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Wednesday 24 January 2018

'The level of homelessness in what is a wealthy Dublin is shameful' - Archbishop Diarmuid Martin slams Government

Brian Hutton

The leader of the Catholic Church in the Republic has launched a blistering attack on the official response to growing homelessness.

Archbishop of Dublin Diarmuid Martin has declared social measures to deal with the crisis a widespread failure.

Revealing that a church agency had to turn away 1,000 of the country's poorest people last year because they can't cope with demand, he said the situation has become shameful.

"Homelessness is a sort of thermometer of the overall social climate," he said.

"If that is the case, the current crisis of homelessness in Ireland is in fact an indication of a more widespread failure of social policy."

In a broadside on Government spending and decision-making, the top-ranking churchman said the Department of Social Affairs needed more money and a "more enlightened" policy on housing.

"The level of homelessness in what is a wealthy Dublin is shameful," he added.

"We face one of the paradoxes of many developed societies: we have increased homelessness and we have unoccupied housing; we have people hungry and enormous quantities of food are thrown away daily."

The archbishop made his remarks at the launch of a report into the church's Crosscare agency.

The organisation, a merger of three different groups, helps the homeless, migrants and refugees.

Dr Martin described the agency as the Dublin Diocese social service agency.

In the 12 months up to February, it worked with 5,000 people but was forced to to turn away 1,000 others because it couldn't cope with the demand, the report says.

Many of those seeking help are surviving on food banks and charity hand outs.

Dr Martin said it was time for the Government to switch its focus to the country's most marginalised.

"Having addressed with some success the complex question of working towards Ireland's economic recovery, I believe that from today onwards the overriding challenge of government in this country must be to address in a broad perspective the social consequences of Ireland's economic policy and to identify measures to redress the disadvantage which the vulnerable have suffered," he said.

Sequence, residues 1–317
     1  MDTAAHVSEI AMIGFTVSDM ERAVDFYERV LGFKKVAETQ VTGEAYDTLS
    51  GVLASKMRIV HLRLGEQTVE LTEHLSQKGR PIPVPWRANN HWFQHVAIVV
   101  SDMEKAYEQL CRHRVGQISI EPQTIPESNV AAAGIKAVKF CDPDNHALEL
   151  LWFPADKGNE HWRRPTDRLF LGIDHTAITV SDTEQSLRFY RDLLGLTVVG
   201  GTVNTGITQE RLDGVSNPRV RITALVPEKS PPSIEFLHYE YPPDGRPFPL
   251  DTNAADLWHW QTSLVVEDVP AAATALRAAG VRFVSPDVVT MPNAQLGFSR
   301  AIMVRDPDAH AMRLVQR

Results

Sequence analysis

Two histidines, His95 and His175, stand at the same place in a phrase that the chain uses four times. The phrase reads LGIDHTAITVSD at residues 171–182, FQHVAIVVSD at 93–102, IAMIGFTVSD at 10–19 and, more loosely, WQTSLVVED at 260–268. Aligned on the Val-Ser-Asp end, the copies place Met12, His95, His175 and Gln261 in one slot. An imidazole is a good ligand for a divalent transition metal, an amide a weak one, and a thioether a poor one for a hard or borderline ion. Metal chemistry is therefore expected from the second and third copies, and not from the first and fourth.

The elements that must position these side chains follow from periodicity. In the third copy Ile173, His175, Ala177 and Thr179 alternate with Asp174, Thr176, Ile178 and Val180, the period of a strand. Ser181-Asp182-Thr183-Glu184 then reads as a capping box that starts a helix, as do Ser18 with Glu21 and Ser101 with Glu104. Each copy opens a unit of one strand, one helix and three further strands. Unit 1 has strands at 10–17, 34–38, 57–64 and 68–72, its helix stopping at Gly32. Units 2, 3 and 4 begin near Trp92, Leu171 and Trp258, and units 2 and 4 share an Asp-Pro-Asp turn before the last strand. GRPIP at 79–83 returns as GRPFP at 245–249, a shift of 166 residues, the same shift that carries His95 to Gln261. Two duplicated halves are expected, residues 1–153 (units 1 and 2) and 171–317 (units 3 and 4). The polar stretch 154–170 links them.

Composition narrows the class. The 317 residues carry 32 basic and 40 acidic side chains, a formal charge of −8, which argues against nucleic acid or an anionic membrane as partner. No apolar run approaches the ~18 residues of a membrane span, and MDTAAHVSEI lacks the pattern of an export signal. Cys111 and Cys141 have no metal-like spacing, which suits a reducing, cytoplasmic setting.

The archbishop said Crosscare would not be afraid to point out how our public services have failed those who most need them.

The call coincides with new figures from homelessness agency Focus Ireland, which warns one family a day are now becoming homeless here. More than 10,000 people turned to the charity last year - up 25% from 8,000 the previous year.

Signalling a further surge, it has already helped 8,000 people during the first six months of this year alone.

Mark Byrne, acting chief executive of Focus Ireland, said the homelessness crisis is deepening.

"We have families coming to us every day who have lost their home and in many cases the best we can do is get them into a B&B or hotel so they are off the streets," he said.

"This is not acceptable. The Government has said we have reached the limits of austerity and I believe the growing homeless crisis proves this."

Mr Byrne demanded an urgent investment of €500 million to build at least 3,000 new social housing homes immediately.

Dessie Ellis, Sinn Fein's housing spokesman, said there is simply not enough housing available to meet the need for it, while soaring rents are squeezing families out of their homes.

"We need to implement a plan of rent control to stop unabated rent hikes and stabilise rates to a level people can afford," he said.

"This must be done in conjunction with a change to rent assistance schemes in place to make them more flexible in order to protect families from becoming homeless for the sake of a few euro a week."

He added: "Homelessness and the severe housing need in our state will not be solved by well-meaning statements and strategy documents.

"It will be solved by delivering housing for the people who need it"

Press Association

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